Lima in Peru came out worst when participants were asked if women had good access to healthcare, including control over reproductive health. Abortion is illegal in Peru except to save the life of the mother and the teenage pregnancy rate is high.
Conflict-ridden Kinshasa, where growing violence has sparked fears of a repeat of civil wars two decades ago in which millions died, was the worst city in terms of female access to education, ownership of land and obtaining financial services.
At the other end of the scale, London was named the best city, buoyed by Britain's free and universal National Health Service, as well as coming top for economic opportunities.
London Mayor Sadiq Khan said women were now leading at every level of society in London – in public service, the arts, politics, science and business – but there was more to do.
"The progress we're making as a city is not happening fast enough," he told the Thomson Reuters Foundation. "We must redouble our efforts to remove any barriers to women's success and to unlock their full potential."
Tokyo was ranked as the safest city in terms of sexual violence and harassment, though some women's rights campaigners said sexual violence remained a hidden problem.
Moscow outperformed New York on a range of measures, and was named the most female-friendly city judged solely on cultural practice, perhaps a nod to its avowedly egalitarian Soviet past.
The Thomson Reuters Foundation's seventh annual perception poll was conducted as cities grow rapidly and the future looks increasingly urban, with 66 percent of people expected to live in urban areas by 2050, up from 54 percent currently.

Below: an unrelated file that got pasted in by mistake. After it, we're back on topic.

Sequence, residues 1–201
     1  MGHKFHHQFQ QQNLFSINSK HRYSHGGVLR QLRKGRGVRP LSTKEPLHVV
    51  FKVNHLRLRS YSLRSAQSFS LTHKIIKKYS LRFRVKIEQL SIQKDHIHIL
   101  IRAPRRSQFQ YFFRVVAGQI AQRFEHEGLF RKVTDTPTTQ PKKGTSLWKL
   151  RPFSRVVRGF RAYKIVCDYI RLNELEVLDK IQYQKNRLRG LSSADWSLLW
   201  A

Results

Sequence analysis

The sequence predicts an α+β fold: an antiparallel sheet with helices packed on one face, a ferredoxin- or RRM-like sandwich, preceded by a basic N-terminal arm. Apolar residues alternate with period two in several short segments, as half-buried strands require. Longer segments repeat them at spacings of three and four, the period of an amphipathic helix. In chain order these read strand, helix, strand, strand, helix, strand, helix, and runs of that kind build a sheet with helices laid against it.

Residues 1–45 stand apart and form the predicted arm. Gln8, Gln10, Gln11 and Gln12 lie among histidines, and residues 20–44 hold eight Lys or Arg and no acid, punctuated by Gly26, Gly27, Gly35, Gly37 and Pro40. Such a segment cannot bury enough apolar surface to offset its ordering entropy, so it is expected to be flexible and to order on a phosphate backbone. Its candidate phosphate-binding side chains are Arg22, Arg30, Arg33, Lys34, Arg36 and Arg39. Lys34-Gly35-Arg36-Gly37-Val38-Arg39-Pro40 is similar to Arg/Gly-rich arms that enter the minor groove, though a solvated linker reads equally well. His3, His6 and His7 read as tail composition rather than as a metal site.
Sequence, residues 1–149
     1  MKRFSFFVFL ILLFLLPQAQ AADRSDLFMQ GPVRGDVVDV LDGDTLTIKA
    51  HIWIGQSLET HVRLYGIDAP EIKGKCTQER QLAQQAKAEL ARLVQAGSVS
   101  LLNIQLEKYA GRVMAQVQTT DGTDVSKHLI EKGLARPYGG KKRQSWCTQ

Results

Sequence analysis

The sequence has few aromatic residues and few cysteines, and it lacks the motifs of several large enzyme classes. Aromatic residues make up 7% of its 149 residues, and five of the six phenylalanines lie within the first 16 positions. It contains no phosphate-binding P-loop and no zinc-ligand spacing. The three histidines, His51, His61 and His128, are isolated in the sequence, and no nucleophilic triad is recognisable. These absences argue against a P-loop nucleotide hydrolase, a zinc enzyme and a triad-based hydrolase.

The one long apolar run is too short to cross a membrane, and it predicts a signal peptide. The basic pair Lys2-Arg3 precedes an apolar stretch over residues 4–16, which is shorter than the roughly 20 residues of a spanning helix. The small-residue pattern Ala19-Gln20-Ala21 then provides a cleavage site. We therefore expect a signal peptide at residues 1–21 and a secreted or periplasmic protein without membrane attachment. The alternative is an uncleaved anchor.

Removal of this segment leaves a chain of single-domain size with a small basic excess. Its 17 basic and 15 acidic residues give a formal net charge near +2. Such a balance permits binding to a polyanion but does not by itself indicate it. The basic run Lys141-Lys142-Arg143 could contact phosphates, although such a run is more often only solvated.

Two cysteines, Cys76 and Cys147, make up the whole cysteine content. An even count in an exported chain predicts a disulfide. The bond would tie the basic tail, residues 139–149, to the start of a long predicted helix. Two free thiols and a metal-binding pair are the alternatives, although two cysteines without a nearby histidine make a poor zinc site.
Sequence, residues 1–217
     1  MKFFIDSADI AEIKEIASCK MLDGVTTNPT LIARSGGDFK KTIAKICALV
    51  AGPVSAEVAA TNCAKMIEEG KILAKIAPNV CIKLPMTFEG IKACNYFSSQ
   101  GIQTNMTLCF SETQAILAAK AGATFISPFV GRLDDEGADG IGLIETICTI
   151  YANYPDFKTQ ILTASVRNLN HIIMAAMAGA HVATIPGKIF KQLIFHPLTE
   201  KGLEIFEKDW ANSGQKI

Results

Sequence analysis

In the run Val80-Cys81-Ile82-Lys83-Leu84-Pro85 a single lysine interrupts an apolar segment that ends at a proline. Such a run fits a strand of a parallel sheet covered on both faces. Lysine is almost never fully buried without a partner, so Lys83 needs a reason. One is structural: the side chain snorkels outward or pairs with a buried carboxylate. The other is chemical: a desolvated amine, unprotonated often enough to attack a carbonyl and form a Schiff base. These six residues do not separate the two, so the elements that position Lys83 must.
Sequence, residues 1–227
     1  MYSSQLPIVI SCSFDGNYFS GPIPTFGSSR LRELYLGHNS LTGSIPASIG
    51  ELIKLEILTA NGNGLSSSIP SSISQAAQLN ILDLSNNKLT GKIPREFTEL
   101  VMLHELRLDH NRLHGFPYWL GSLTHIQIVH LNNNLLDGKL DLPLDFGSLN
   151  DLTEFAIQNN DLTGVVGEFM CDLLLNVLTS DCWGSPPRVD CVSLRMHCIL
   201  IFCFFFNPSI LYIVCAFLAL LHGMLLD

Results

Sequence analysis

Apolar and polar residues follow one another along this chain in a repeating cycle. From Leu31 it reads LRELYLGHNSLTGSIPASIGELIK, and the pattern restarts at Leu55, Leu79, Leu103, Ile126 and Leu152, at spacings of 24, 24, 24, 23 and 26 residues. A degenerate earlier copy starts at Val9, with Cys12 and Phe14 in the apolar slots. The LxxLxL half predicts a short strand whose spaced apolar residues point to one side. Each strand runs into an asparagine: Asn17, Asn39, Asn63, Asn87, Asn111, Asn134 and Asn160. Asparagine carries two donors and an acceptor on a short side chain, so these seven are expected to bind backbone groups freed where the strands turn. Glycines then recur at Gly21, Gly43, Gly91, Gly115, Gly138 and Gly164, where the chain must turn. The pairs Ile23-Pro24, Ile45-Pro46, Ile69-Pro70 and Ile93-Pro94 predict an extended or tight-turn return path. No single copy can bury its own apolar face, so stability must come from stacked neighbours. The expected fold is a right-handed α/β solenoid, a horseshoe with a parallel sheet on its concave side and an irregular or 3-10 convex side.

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The United Nations says the number of megacities has tripled since 1990 to 31, including six in China and five in India, and forecast this will rise to 41 by 2030. The poll was only conducted in the largest city in each country.
Campaigners said understanding and preparing for key trends in urbanisation in coming years is crucial to meet the UN's latest set of global goals to end poverty and inequality by 2030. The poll was designed around UN targets.
Billy Cobbett, director of the Cities Alliance, a global partnership for urban poverty reduction that promotes the role of cities in sustainable development, said the success of Agenda 2030 would be substantially dependent on the role played by women in cities of all sizes.
"The opportunity for women to play a full and leading role cannot be taken for granted, but requires reliable data, sound policy and decisive actions by city leaders," Cobbett told the Thomson Reuters Foundation.
The poll of 380 people was conducted online and by phone between 1 June and 28 July with 20 experts questioned in each of the 19 cities with a response rate of 93 percent. The results were based on a minimum of 15 experts in each city.
Respondents included aid professionals, academics, healthcare staff, non-government organisation workers, policy-makers, development specialists and social commentators.